Note: You can find my follow-up post – including a map of the entire subway as it appears to disabled persons – here.
Last night I attended An Evening with New York Times Op-Docs at IFC Center in the West Village. IFC had curated nine videos that had been featured in the Times‘s opinion section in recent months. The pieces ranged from the serious (Branko – Return to Auschwitz) to the playful (the Gregory Brothers’ autotuned The War on Drugs is a Failure).
Somehow straddling both extremes was Jason DaSilva’s divine The Long Wait. Jason, a filmmaker in Williamsburg, was diagnosed with multiple sclerosis at the age of 25, and now uses a wheelchair most of the time. (The opening scene shows photos of him doing things I did as a wide-eyed post-grad in the big city.) He frames the film around a race from Williamsburg to a favorite coffee spot in Union Square.
The piece is funny and sweet and charming – just like Jason, whom I had the pleasure to meet after – but contains a hard truth: it’s tough for disabled persons to get around our city. Within the first minute, just by showing single steps in the entryways of local stores, he had my attention – and sympathy.
In the race, Jason’s friend Steve takes the L train the three stops from Bedford Avenue, while Jason runs us through his four options: bus, Access-A-Ride, subway, and the East River Ferry. After showing us his reasoning (in a very amusing manner, I might add), he determines the ferry – plus two buses on the Manhattan side – is his best bet. He loses by an hour and a half.
When I spoke with Jason, I told him it took me five years to master the subway – for an able-bodied person. I’d never really paid attention to the little wheelchair symbols on the map, except in cases when they sported the bizarre “uptown only” or some derivation. (‘Really?’ I’d think. ‘They couldn’t put an elevator on both sides of the street?’)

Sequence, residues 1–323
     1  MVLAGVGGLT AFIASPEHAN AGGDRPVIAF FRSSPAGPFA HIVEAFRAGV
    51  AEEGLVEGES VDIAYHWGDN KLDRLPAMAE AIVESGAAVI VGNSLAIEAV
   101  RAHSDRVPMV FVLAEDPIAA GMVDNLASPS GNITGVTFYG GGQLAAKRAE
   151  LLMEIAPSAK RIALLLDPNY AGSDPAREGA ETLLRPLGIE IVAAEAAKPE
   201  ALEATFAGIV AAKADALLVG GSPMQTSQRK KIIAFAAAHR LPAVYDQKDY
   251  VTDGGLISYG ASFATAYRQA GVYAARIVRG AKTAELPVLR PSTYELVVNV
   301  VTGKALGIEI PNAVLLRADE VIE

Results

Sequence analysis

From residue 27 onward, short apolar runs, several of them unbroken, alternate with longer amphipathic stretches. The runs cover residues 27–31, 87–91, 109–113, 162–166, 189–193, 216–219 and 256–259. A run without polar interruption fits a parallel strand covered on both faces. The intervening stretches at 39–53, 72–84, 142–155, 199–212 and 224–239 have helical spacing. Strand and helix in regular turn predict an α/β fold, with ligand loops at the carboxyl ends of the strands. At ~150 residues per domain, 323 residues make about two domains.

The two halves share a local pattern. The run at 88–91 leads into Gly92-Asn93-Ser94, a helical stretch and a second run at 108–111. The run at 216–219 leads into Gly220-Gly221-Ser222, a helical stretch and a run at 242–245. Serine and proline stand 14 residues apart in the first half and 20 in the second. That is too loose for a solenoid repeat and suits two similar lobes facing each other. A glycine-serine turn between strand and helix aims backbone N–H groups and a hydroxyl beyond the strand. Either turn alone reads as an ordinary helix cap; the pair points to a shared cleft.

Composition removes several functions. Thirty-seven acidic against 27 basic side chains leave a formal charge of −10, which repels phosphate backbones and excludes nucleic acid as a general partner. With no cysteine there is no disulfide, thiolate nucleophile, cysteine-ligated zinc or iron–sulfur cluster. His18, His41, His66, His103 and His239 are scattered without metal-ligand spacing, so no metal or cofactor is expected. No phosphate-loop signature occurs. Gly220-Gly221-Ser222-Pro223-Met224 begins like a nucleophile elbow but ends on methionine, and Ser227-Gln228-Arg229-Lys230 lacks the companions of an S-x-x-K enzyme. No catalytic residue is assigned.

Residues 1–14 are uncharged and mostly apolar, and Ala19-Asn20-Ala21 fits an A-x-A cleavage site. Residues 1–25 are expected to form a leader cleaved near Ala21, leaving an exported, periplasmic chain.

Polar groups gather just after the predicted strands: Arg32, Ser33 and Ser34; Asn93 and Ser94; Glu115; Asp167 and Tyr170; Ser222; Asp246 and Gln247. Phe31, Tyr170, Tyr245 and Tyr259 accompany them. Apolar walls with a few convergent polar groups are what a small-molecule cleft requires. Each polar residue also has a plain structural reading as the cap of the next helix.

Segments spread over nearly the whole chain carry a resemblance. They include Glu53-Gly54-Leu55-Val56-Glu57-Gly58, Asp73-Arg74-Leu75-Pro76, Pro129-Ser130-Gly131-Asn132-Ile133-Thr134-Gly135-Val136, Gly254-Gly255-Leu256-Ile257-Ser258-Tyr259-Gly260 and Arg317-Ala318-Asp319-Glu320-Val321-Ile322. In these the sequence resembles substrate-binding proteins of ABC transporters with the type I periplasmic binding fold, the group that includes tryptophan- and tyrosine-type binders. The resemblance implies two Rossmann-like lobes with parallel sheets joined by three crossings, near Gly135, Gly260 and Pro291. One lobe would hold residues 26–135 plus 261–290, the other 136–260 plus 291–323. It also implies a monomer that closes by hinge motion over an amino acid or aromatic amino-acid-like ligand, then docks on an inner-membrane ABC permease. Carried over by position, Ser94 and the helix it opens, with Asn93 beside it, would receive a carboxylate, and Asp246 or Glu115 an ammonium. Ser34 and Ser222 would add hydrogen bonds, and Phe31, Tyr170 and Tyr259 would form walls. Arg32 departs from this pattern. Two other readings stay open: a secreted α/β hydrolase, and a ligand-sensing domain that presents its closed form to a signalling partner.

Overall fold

So I resolved to find someone who could put the handicapped subway diagram in graphic form, perhaps as an overlay to the “full” diagram. I did find one such example from 2008, but the MTA has made several improvements since then. Always game for a challenge, I decided to take it on myself.
Behold: Manhattan south of 125th street, with only the wheelchair-accessible stations pictured. Vignelli-style, of course.
No Q-to-4 transfer at Union Square. No local stops along Central Park West. No Times Square Shuttle. Nothing south of Houston except on the Lexington Avenue Line and Chambers Street on the 1-2-3.
And this is the good service area. I’ll get to mapping the full city eventually [updated: here’s the full map].
This is not intended as a criticism of the MTA; they are dealing with a century-old system, and have made strides since 2008. (They’re only required to make stations compliant with ADA when they renovate them.) They’ve also expanded the Access-A-Ride program to taxis – at least in Manhattan.
As for Jason, he’s made the best of his situation. In the last year alone, he made this film, and launched an app called AXS MAP for locating and rating accessible stores, restaurants, houses of worship, and so on. Both really cool ways to call attention to an often-overlooked issue.